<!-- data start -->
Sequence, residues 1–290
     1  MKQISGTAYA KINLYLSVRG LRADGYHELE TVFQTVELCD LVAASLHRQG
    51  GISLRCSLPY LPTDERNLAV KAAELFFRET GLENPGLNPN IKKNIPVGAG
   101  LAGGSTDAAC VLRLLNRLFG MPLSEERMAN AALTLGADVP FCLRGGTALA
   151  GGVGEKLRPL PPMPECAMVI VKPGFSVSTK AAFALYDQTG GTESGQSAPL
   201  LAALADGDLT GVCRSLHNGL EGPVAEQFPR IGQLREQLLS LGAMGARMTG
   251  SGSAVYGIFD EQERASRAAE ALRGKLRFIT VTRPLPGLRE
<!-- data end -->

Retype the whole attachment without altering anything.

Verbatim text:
Sequence, residues 1–290
     1  MKQISGTAYA KINLYLSVRG LRADGYHELE TVFQTVELCD LVAASLHRQG
    51  GISLRCSLPY LPTDERNLAV KAAELFFRET GLENPGLNPN IKKNIPVGAG
   101  LAGGSTDAAC VLRLLNRLFG MPLSEERMAN AALTLGADVP FCLRGGTALA
   151  GGVGEKLRPL PPMPECAMVI VKPGFSVSTK AAFALYDQTG GTESGQSAPL
   201  LAALADGDLT GVCRSLHNGL EGPVAEQFPR IGQLREQLLS LGAMGARMTG
   251  SGSAVYGIFD EQERASRAAE ALRGKLRFIT VTRPLPGLRE